OPINION: Congestion pricing would help bring City’s mass transit into the 21st century
The last thing anyone wants is a new tax or a new toll. Living in Queens or Brooklyn is already expensive enough. Nevertheless, the proposal for congestion pricing for cars and trucks entering lower Manhattan appears to be the best solution we have seen so far for modernizing the city’s aging transit system.
Under congestion pricing, drivers would pay a toll if they enter Manhattan south of 60th Street.
The funds raised by congestion pricing would go to pay for MTA’s Fast Forward project, a plan to modernize the city’s subway and bus systems during the next 15 years. Fast Forward would replace old, outdated subway signals, redesign the city’s bus network and make most of the subway stations wheelchair-accessible.
In addition, the congestion pricing, as the name implies, would alleviate to some degree the congestion in lower Manhattan. Driving into Manhattan from New Jersey, Long Island or Westchester would become a luxury and frankly, we have no problem with that — so long as there is a mass transit alternative.
The need to repair and modernize the transit system became obvious over the last year with the massive delays coupled with crumbling infrastructure such as the ceiling collapse above the platforms of the 4 and 5 trains at Borough Hall. No one was hurt but it is embarrassing that a station this important should fall to this level of disrepair.
Adding to the mess, tiles are missing from the mosaic spelling out the name Borough Hall and paint chips, likely containing lead, are falling from the walls.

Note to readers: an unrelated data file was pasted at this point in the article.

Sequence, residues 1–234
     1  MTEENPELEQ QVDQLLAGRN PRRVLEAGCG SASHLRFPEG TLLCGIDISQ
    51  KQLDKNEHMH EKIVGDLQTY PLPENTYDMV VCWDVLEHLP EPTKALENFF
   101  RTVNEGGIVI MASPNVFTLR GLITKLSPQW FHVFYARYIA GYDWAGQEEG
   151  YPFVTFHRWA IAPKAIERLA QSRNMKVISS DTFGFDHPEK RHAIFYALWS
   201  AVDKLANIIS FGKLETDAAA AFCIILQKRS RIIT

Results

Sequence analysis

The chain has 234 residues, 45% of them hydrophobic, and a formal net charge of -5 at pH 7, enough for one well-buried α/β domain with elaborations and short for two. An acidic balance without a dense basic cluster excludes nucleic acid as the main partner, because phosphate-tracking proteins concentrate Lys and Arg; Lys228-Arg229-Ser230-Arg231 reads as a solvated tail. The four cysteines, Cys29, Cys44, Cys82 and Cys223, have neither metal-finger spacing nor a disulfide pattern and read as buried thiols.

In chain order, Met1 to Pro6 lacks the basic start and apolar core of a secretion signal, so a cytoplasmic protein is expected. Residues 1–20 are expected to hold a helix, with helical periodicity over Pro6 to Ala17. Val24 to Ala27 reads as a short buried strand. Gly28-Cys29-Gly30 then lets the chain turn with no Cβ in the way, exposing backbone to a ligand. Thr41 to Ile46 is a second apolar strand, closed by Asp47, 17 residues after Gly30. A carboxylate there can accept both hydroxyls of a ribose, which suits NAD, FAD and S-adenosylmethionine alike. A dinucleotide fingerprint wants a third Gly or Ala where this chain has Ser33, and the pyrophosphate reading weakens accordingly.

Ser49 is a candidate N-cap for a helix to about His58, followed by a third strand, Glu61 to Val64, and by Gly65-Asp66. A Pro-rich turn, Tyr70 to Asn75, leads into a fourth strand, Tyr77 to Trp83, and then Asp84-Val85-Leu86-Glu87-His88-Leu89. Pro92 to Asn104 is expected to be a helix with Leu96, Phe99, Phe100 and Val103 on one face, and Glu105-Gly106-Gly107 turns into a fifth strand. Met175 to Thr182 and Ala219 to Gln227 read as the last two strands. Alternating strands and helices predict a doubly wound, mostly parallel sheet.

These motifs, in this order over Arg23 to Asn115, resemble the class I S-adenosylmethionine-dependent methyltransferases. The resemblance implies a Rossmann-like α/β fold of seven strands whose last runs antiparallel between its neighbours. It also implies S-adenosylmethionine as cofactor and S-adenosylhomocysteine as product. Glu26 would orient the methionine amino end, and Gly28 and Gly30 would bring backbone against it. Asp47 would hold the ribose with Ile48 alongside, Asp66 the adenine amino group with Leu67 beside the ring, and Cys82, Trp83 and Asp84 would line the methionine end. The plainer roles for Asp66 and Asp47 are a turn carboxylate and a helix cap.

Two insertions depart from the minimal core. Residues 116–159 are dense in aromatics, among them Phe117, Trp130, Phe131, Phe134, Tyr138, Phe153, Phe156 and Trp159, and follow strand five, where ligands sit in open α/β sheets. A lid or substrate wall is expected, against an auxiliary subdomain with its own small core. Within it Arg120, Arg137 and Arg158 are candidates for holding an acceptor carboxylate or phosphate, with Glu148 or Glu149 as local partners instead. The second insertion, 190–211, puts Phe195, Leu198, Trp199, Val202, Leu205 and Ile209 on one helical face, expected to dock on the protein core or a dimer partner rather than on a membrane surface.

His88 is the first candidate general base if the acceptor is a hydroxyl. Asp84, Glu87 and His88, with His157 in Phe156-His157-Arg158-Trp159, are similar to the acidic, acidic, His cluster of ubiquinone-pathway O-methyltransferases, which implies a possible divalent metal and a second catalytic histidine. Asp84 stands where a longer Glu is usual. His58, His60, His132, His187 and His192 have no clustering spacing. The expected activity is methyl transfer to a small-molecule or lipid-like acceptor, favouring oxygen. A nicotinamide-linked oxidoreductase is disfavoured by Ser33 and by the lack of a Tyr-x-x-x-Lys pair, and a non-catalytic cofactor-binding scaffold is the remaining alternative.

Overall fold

And, as Raanan Geberer noted in a recent editorial in this paper, the situation is no better in Queens where the MTA is just beginning to address problems at stations on the No. 7 Line. Even if the Mets are a sorry sight this season, the train that gets fans to Citi Field shouldn’t be.
It makes no sense to dazzle tourists with gleaming skyscrapers if they have to watch for lead paint chips and collapsing ceilings when they take mass transit. Residents of Brooklyn and Queens who commute shouldn’t have to contend with delays and long waits on ugly platforms.
So what can be done to get the mass transit system in the greatest city in the world on a par with places like Bogota, Hong Kong, London, Paris, Singapore, Seoul and dozens of other cities with gleaming transit systems?
Last week, an organization made up of the Riders Alliance, New York Lawyers for the Public Interest, New York League of Conservation Voters, Regional Plan Association, NYPIRG Straphangers Campaign, StreetsPAC, Transportation Alternatives and the Tri-State Transportation Campaign released a policy policy statement, called the Transportation and Equity State Agenda, that if nothing else should spark an intelligent conversation at City Hall and in Albany.
The future of mass transit should be a major issue in the Sept. 13 primaries and in the Nov. 7 general election. After a summer of listening to the mayor and governor taking turns saying, “Don’t blame me,” and years of treading water, the time has come for serious plan.
We agree with John Raskin, executive director of the Riders Alliance, who said in a statement. “These days, no one should be able to run for office in New York without telling their constituents how they’re going to fix the subway system and make buses more reliable. This transportation agenda is a ready-made package that every candidate for state-level office should adopt, and then we the people have to hold them to their promises when they’re in office,” he said in a statement.
According to the coalition, the congestion surcharge on taxi trips in Manhattan below 96th Street enacted March 2018 and beginning in January 2019 will primarily fund Subway Action Plan maintenance begun in 2017; additional revenue will support outer borough transit improvements.
The proposed toll on trucks and private cars entering the Manhattan Central Business District below 60th Street is expected to generate more than $1 billion in annual revenue that would support transit modernization.
—Jack Ryan, editorial board director
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